“Mam-ma! Mam-ma!”

The call came from a corner on the right. Turning quickly toward a bunk against the wall, Hugo saw the movement of a gray four-point blanket. Stepping forward, he stooped and beheld the face of a little child, its cheeks wet with tears. Big blue eyes looked expectantly up, and two small dimpled hands reached eagerly out, while a gurgle of delight rippled from soft, rosy lips. Instantly it realized its mistake. An expression of fear leaped into its eyes, the outstretched hands dropped, and the happy gurgle gave place to a cry of fright. Hugo was in despair.

“Queer mess I’ve got into,” he muttered. “What am I to do with the kid? Pity it hadn’t gone with its parents. I wonder what has happened to them, anyway?”

He looked around and noted more carefully the sad havoc which had been wrought. He was sure now that a terrible tragedy had been enacted there, either during the night or early that morning. Again he shuddered, and realized for the first time how cold was the room. In a few minutes he had a good fire burning in the sheet-iron heater, which fortunately had escaped destruction. Then he searched for some suitable food for the child. But not a scrap could he find–every morsel had been taken from the house. Hugo uttered an angry oath and registered a solemn vow. Going outside he was about to draw his toboggan into the room when his eyes caught sight of peculiar marks upon the beaten snow. That they were blood stains he was certain, and there were others on the trail leading to the river.

Leaving the toboggan, and forgetting for a time the sobbing child, Hugo walked slowly along, keeping his eyes fixed upon the narrow path. At every step more stains appeared, which increased in number and vividness as he neared the shore. Out upon the ice he moved, and stopped only when close to the long, wide, yawning gulf. Here the river was exposed to view like a great artery from which the flesh has been torn. The water raced by like a mill-sluice, leaping forth from beneath its icy covering upstream to dash out of sight with a swish and a swirl half a mile or more farther down. Its murmur resembled the snarl of an angry beast when suddenly surprised or cheated of its prey. And yet Hugo felt certain that but a short time before it had been fed, when two victims had been enwrapped in its cold, merciless embrace. And one of them was a woman, whose little helpless child was now calling to her from the lonely cabin–and calling in vain!

And standing there, Hugo’s soul suddenly became charged with an intense anger. Mingled with his hatred of the river was an overwhelming revulsion at the foul crime which had been committed. And who were the perpetrators? What reason could anyone have for committing such a diabolical deed? Haines and his wife were quiet reserved people, given to hospitality, who never refused a meal or a lodging for the night to a passing traveller. During the summer Bill had rocked out gold from the river bars, and in winter had cut wood for steamers plying between Whitehorse and Dawson. That he made but a bare living Hugo was well aware, and he had often wondered why he was content to remain in such a lonely place.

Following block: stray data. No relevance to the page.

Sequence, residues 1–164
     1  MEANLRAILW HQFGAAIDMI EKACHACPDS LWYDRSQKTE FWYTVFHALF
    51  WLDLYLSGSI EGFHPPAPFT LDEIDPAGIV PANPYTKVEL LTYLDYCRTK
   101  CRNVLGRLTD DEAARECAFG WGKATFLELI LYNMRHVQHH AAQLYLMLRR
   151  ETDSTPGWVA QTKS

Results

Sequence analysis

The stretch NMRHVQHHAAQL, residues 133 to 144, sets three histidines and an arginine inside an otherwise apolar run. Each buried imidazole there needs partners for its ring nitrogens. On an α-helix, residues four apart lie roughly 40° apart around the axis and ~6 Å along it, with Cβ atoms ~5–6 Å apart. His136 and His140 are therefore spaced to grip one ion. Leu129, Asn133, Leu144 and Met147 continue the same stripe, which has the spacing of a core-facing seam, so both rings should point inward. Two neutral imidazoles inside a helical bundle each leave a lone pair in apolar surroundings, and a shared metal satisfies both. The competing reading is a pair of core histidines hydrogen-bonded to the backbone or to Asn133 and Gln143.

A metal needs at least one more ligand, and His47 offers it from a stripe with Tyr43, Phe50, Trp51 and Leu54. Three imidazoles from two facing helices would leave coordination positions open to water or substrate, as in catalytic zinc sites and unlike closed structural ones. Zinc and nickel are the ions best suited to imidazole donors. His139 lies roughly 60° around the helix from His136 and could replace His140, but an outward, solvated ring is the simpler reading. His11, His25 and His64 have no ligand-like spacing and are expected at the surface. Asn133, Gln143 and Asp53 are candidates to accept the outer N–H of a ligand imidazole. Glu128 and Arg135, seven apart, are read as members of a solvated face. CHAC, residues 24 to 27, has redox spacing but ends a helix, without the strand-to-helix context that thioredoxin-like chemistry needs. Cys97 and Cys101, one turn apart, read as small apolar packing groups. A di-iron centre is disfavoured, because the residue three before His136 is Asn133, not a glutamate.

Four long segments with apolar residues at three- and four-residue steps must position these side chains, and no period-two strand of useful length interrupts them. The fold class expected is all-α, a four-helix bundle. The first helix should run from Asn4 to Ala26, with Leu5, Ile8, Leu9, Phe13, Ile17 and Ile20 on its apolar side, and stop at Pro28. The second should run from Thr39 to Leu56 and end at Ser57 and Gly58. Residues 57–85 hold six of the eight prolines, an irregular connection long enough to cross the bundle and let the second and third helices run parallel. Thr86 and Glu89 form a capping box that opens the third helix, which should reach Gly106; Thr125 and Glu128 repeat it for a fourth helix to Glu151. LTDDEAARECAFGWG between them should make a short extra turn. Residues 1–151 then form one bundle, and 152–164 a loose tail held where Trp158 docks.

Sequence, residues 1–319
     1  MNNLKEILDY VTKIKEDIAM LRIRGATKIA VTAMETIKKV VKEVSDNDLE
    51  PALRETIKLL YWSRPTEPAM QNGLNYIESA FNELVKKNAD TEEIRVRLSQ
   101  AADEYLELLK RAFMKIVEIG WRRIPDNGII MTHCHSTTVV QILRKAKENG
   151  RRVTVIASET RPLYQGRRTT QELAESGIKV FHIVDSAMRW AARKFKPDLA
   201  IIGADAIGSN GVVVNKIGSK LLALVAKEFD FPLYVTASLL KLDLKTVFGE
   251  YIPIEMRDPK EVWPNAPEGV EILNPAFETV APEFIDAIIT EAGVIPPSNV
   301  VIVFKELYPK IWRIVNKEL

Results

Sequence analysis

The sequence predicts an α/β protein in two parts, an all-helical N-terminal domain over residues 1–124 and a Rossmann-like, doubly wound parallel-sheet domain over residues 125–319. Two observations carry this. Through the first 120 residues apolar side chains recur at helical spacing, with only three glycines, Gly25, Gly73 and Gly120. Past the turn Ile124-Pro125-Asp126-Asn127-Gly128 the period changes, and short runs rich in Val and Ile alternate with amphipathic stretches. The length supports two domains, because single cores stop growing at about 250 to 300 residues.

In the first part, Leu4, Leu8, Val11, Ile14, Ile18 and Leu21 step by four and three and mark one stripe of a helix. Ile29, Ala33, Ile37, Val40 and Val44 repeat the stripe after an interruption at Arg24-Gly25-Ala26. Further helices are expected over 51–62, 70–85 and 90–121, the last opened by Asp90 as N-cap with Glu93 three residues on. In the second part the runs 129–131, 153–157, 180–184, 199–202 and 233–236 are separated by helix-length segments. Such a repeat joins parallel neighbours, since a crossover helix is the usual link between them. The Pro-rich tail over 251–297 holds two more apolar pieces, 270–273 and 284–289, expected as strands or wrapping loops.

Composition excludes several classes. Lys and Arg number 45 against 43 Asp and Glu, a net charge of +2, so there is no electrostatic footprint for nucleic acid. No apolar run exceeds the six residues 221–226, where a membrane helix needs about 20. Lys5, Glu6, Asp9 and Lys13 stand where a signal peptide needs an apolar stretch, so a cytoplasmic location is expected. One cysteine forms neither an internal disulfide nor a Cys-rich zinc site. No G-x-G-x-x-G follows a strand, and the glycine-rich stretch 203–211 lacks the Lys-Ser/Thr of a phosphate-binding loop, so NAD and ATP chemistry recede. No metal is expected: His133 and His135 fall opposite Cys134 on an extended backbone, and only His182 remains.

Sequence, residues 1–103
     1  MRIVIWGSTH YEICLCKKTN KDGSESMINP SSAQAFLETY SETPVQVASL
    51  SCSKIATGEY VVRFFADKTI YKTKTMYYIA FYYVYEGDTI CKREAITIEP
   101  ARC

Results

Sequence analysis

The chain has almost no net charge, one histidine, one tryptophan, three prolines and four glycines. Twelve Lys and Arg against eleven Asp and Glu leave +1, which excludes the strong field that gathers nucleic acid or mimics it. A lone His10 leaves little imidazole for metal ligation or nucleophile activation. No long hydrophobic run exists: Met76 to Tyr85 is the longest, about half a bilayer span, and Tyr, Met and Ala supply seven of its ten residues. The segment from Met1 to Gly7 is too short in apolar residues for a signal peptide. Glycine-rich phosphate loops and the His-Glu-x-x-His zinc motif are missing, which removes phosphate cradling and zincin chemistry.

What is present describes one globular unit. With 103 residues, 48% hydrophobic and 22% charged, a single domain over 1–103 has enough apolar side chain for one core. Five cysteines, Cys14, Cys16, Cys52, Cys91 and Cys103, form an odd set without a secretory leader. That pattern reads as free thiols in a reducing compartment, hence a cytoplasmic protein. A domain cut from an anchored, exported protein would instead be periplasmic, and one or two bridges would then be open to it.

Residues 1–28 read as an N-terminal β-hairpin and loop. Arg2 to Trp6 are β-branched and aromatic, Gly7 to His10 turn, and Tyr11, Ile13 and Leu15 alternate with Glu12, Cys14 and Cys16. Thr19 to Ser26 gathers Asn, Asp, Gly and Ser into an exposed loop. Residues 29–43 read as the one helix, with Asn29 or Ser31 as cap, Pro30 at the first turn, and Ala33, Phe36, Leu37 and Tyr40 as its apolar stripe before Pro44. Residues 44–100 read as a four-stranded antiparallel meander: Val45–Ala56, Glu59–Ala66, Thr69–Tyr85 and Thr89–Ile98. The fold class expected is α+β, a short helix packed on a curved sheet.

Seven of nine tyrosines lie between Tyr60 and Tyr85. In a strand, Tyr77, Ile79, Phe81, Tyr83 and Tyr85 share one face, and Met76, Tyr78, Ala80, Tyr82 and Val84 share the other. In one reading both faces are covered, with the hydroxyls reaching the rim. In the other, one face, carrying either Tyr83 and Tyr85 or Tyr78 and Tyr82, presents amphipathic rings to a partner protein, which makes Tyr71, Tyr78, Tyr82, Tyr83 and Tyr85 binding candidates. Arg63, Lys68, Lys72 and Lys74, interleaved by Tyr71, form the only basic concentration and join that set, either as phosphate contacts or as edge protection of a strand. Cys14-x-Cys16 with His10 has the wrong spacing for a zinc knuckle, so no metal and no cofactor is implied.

Hugo turned these things over in his mind as he walked slowly away from the river. Reaching the cabin, he drew his toboggan into the building. The fire had been doing good work and the room was warm. The child, unable to cry more, was lying uncovered upon the blankets. It watched Hugo’s every movement with wide, unblinking eyes.

“Don’t be afraid, little chap,” the man said. “I won’t hurt you. I’m going to give you something to eat. Maybe that will make you friendly. I wonder how old it is, anyway,” he mused. “It can’t eat meat, that’s certain. Liquids and soft food are the only thing for babies. Now, what in time can I give it! Ah, I know. Just the thing.”

He turned and walked over to the toboggan. Throwing aside the blankets, he lifted a tin can, blackened from numerous campfires. This he placed upon the stove, removed the cover and looked in.

“Ptarmigan soup should be good for the little fellow,” he remarked. “It’s mighty lucky I didn’t eat it all for breakfast. My! it’s hot here.”

He raised his hand as if to remove his fur cap, but suddenly desisted. Then he stepped outside and looked carefully around. Seeing no one, he went back into the cabin, took off his cap, and hung it upon one of the legs of the overturned table. The head thus exposed was covered with a wealth of hair, thickly streaked with gray. The startling and outstanding feature, however, was one lock as white as snow, crowning the right temple. This was not due to age nor to any outward cause, but was evidently a family characteristic. Such a lock would have singled out the owner in any gathering for special and curious attention.

When the soup was warm enough, Hugo dipped out a portion into a tin cup which he carried over to where the child was lying.

“Come, little chap,” he began, “here’s something nice.”

Forced by hunger the lad scrambled quickly to its knees, and drank eagerly from the cup held to its lips.

“More,” he demanded when the last drop had been drained.